EOIN MORGAN couldn't have been clearer. "England donít have a chance of winning the World Cup. None at all," he said before spelling out exactly what was wrong with the tactics, selection and approach of his adopted team. And he was right Ė he nearly always is.

We were having dinner with his former Ireland team-mate Paul Stirling, five months before the 2015 World Cup that saw England embarrassed by Bangladesh and win fewer games Down Under than Ireland, as their brand of one-day cricket was shown to be hopelessly out of date.

Morgan was animated that evening in Scarborough. It was clear that things would be done very differently if he were in charge, and also that he would love to take on the responsibility.

He was appointed England skipper a few weeks before the doomed campaign, with no time to change the style of play, or stamp his 'back yourself and play fearlessly' philosophy on the side.

It didn't take long. With free-hitting batsmen like Jason Roy and Jonny Bairstow at the top of the order, the calm heads of Joe Root and Morgan himself in the middle and the swashbuckling Ben Stokes and Jos Buttler to follow, England started bullying opponents.

Scores of 350-380 became commonplace and at Trent Bridge against Australia last year England should have become the first team to score 500 in a 50 overs innings, tailing off to a record 481-6.

It was and is Morgan's team; the 32-year-old is in complete control. His reading of a game and coolness under pressure are exemplary and he was the reason that the hosts began this World Cup as favourites and the No1 side on the planet.

And yet he is still not universally appreciated Ė never mind loved.

If he was from the Home Counties with an Oxbridge education, the English would be comparing Morgan to their greatest skipper Mike Brearley and arranging an honorary knighthood, but many fans and sections of the media have never quite warmed to the north Dubliner. Not wholly.

The lingering antipathy from some Irish quarters is easier to understand. The mildest of his remaining critics see Morgan as an opportunist; the harshest as a turncoat mercenary, and the sight of him lifting the World Cup would have been hard to take.

He was always going to play for England, of course, with a career path meticulously mapped out from an early age. On first meeting Adi Birrell, as a 15-year-old, he explained to the Ireland coach that his ambition was to play Test matches and his time with the Boys in Green would be limited.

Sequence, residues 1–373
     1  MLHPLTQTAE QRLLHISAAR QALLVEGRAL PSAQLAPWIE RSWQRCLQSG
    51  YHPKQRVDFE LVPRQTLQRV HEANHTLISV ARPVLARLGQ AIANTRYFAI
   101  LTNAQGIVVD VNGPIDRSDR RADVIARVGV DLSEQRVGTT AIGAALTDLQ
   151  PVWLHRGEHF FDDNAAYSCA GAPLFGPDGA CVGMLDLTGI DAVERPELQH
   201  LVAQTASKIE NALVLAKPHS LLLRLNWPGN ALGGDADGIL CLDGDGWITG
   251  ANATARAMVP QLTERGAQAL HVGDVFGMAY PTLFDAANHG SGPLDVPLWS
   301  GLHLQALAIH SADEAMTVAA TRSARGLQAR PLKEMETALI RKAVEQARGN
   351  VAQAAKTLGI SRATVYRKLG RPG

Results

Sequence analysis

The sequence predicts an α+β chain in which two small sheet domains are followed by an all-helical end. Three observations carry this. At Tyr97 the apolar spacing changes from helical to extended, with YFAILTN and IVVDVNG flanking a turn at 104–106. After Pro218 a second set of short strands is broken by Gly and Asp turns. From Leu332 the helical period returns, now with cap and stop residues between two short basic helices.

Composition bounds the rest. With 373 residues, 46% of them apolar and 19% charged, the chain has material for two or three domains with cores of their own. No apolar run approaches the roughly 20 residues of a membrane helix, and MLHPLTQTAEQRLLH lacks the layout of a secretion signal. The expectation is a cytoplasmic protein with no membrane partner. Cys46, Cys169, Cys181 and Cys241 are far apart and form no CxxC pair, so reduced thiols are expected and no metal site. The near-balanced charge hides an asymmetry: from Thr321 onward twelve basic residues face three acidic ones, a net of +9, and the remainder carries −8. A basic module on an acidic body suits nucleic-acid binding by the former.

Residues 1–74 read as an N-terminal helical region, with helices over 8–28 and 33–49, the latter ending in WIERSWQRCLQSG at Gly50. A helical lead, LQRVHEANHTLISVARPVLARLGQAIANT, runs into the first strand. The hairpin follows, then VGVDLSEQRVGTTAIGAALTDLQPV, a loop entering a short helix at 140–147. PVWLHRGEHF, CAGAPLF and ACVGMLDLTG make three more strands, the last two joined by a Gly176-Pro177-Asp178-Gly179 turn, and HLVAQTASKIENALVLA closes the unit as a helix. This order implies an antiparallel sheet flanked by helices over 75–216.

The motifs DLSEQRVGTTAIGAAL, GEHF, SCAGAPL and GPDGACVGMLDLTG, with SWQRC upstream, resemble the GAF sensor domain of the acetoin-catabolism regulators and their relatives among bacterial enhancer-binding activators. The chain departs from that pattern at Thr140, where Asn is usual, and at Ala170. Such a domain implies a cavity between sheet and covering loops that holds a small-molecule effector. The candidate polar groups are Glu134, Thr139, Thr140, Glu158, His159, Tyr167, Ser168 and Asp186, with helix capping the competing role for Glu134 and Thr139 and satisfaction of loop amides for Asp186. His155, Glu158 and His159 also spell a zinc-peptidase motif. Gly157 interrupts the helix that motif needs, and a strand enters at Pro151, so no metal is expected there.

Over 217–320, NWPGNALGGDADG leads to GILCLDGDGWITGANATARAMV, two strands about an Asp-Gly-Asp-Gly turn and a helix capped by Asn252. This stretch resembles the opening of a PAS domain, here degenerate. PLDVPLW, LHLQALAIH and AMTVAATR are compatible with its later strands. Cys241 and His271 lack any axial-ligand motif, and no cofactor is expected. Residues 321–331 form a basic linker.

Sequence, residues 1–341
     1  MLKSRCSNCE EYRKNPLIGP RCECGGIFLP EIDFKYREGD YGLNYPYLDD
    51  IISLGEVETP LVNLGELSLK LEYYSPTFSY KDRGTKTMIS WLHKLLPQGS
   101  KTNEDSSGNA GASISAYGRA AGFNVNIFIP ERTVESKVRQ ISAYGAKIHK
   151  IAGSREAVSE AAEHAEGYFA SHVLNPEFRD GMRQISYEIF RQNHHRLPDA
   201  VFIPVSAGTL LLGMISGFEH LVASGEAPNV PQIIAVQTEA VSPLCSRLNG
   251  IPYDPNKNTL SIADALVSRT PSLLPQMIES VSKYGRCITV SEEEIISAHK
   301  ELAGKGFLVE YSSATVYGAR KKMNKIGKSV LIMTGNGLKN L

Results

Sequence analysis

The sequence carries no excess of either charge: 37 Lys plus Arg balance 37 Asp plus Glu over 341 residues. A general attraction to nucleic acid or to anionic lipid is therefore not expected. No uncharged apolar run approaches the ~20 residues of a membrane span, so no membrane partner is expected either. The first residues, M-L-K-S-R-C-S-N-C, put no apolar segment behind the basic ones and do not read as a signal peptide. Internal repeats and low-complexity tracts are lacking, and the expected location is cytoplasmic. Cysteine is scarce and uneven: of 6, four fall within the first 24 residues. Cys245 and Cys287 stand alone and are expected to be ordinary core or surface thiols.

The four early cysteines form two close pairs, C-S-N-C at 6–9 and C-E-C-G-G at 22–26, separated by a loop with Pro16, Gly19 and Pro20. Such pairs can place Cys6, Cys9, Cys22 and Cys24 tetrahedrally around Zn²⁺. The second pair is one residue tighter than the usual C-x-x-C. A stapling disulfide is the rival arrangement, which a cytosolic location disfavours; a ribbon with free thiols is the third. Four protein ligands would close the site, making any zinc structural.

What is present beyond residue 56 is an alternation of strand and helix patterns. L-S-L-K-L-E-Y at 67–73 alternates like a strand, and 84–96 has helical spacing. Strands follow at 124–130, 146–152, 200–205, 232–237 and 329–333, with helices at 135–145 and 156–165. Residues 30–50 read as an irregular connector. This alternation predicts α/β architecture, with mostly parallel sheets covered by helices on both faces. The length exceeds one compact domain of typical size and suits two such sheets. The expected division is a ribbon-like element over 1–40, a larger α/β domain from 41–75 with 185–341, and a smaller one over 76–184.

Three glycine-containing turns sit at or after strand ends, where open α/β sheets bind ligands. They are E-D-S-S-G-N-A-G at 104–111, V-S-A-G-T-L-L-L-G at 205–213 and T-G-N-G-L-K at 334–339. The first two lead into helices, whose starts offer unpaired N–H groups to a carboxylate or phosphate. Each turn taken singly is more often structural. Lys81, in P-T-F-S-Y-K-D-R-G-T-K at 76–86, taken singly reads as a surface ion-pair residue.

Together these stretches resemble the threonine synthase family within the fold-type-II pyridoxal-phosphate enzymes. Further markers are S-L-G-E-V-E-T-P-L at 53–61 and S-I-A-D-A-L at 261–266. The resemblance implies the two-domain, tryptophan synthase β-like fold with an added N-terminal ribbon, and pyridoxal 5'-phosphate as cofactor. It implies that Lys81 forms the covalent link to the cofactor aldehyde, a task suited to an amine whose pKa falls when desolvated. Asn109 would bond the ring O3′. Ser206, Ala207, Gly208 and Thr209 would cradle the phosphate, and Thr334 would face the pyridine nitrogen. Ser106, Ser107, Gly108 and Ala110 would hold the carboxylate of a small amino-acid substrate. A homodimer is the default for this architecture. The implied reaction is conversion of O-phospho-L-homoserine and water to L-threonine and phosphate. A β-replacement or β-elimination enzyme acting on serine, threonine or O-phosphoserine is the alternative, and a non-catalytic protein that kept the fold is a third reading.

Even as a teenager Eoin was his own man.

He won 63 caps, the first against the amateur Free Foresters being a barometer of the Irish fixture list in 2003, but once established in the Middlesex team his appearances became more reluctant, and he was dropped for what would have been his final match for demanding to fly home from South Africa once Ireland had qualified for the 2011 World Cup.

Nor did he endear himself by turning up to his old club Malahide as England captain in 2013, announcing that Irelandís best young batsman Stirling should follow his path of defection and then scoring a match-winning century in front of the biggest Irish crowd to attend an ODI.

That wasn't the first time he had helped defeat the land of his birth. Fielding as a substitute in Belfast, soon after swapping flags in 2009, he somehow managed to leap and knock a Trent Johnston 'six' back into play in the last over as Ireland lost by three runs.

Yet surely it's time now to rise above all that and toast the brilliance of a focused and driven young man who dared to dream and reached the very pinnacle of his sport through talent and hard work? To lift the World Cup is an incredible achievement and it should be celebrated on both sides of the Irish Sea.

Fantastic effort, Eoin.

You do wonder, though, who he'll be supporting when Ireland play their first Test match at Lordís next week.